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Snow falling in some areas of Hawaii that never see the white stuff

Want another indicator that the world’s climate is whacked out?

A strong storm brought power outages, harsh winds, and even snow to parts of Hawaii that normally don’t see that form of precipitation.

Snow falls in Hawaii a few times a year in winter on the state’s highest peak, Mauna Kea, which rises 13,803 feet in elevation, according to SFgate.com.  But the white stuff is rarely seen at elevations below 10,000 feet on the island.

On Sunday, Maui’s 10,000-foot Haleakala received a thick blanket as snow accumulated at 6,200 feet at the Polipoli State Recreation Area.

Strong gusting winds, some reaching to 190 mph, took down trees and branches, leaving them across roadways or worse—across power lines and structures.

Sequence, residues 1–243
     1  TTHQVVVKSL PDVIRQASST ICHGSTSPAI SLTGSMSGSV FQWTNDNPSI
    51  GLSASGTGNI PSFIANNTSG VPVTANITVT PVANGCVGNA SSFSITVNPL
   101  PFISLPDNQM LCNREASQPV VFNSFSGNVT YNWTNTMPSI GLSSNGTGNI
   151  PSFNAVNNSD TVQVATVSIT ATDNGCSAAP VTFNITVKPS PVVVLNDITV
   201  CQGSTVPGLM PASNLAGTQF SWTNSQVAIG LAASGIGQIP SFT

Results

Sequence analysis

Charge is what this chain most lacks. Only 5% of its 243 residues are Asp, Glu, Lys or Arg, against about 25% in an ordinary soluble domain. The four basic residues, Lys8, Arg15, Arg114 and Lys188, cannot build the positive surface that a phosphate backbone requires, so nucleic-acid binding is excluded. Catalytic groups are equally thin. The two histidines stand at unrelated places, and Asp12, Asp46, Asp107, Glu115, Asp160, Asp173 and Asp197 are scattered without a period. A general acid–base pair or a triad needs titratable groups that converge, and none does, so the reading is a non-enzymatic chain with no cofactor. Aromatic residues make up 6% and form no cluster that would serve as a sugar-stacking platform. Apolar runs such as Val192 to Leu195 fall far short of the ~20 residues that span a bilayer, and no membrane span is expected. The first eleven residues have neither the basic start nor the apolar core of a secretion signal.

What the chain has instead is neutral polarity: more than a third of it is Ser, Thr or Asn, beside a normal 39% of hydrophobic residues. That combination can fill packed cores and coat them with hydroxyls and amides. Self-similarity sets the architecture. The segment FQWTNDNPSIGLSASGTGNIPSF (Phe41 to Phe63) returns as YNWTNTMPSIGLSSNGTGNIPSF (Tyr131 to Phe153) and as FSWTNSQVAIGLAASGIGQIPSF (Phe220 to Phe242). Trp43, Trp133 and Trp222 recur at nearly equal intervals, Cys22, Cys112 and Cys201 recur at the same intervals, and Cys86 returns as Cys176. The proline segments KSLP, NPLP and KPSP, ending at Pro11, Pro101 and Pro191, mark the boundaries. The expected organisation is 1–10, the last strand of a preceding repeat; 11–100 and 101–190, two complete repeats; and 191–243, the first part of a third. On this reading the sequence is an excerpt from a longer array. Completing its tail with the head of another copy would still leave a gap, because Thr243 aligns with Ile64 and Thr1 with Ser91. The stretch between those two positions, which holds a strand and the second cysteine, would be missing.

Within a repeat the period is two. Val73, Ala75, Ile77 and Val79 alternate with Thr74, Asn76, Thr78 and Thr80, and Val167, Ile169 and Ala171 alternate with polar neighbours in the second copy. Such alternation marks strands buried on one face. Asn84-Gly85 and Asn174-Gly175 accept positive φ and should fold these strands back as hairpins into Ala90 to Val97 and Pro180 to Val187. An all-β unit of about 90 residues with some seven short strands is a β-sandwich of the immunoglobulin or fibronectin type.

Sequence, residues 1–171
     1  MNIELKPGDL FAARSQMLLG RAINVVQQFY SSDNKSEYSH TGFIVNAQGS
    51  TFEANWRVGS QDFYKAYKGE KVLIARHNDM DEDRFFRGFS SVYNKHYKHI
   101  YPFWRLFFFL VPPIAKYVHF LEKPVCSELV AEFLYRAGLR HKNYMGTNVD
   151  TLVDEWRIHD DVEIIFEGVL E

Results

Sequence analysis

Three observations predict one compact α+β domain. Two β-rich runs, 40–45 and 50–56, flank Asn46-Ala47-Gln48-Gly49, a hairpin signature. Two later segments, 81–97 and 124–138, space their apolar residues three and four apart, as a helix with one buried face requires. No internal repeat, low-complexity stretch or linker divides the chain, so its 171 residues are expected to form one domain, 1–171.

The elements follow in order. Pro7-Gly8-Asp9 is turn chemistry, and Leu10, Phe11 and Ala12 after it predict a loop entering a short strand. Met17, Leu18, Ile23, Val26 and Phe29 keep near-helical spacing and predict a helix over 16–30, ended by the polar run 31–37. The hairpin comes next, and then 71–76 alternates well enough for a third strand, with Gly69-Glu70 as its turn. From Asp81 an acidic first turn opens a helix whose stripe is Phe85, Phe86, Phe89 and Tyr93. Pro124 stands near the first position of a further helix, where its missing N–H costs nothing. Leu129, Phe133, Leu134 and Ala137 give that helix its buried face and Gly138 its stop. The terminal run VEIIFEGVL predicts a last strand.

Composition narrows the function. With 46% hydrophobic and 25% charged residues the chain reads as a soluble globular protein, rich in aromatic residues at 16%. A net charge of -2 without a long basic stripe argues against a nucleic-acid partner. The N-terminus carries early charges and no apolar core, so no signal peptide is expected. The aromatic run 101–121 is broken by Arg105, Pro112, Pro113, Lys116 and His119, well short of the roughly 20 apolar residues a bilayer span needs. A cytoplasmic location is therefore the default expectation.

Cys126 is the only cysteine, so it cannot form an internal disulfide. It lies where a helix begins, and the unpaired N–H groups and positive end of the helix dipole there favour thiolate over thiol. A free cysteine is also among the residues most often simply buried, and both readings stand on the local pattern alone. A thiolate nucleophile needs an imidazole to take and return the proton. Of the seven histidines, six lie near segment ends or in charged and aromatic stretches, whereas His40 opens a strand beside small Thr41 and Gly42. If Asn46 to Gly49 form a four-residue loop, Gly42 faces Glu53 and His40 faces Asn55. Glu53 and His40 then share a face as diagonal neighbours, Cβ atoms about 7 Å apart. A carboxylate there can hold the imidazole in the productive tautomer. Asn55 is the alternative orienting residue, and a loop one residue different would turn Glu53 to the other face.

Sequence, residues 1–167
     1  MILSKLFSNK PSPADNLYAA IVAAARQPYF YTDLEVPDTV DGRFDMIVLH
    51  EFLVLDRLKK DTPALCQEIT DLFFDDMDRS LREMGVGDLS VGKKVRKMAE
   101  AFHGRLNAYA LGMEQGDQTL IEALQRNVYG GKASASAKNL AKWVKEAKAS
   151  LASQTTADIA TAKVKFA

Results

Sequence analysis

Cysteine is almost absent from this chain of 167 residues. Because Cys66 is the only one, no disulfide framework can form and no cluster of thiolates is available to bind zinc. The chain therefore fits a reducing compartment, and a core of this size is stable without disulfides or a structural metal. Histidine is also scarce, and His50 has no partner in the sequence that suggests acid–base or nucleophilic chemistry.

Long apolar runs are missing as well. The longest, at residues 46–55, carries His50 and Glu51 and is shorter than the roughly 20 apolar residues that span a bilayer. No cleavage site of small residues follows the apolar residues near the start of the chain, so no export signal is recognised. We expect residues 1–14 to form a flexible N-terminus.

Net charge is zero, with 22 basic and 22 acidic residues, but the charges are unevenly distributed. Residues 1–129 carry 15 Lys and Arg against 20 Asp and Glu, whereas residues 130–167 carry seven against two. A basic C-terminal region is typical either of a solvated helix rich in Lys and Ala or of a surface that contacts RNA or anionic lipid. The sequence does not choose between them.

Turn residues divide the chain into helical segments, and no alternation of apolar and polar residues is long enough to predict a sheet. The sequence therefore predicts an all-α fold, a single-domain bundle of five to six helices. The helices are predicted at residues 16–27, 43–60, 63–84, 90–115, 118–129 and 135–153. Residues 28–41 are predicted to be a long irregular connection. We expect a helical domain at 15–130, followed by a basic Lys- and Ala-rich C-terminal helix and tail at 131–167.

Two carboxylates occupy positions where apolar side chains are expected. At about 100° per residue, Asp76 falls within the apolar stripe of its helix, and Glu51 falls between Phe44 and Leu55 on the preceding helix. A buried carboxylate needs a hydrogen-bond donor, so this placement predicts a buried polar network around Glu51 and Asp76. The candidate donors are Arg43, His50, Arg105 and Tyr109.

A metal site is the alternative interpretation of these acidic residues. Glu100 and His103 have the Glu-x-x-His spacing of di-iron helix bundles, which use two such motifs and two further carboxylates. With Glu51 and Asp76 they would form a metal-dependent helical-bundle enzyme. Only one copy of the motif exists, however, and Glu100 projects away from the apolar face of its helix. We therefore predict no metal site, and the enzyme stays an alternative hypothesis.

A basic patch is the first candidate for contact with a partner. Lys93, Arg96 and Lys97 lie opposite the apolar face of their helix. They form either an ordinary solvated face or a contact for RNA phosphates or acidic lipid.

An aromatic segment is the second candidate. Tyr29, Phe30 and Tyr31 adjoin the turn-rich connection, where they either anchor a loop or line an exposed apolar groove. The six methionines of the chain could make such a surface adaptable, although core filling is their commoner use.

Hiro Toiya, director of the Honolulu Department of Emergency Management, called on people to have “extra caution” while driving.

“[P]erhaps [for] the first time ever, snow has fallen in a Hawaii State Park,” Hawaii’s Department of Land and Natural Resources (DLNR) wrote on Facebook on Sunday.

It added: “Polipoli State Park on Maui is blanketed with snow. It could also be the lowest elevation snow ever recorded in the state.”

DLNR Divisions Continue Monitoring Powerful Winter StormSNOW FALLS AT POLIPOLI STATE PARKPersonnel from numerous DLNR…

Posted by Hawaii DLNR (Department of Land and Natural Resources) on Sunday, February 10, 2019

It is led to frigid conditions on the island paradise that is never associated with the area.

Tim Griffin

Tim Griffin

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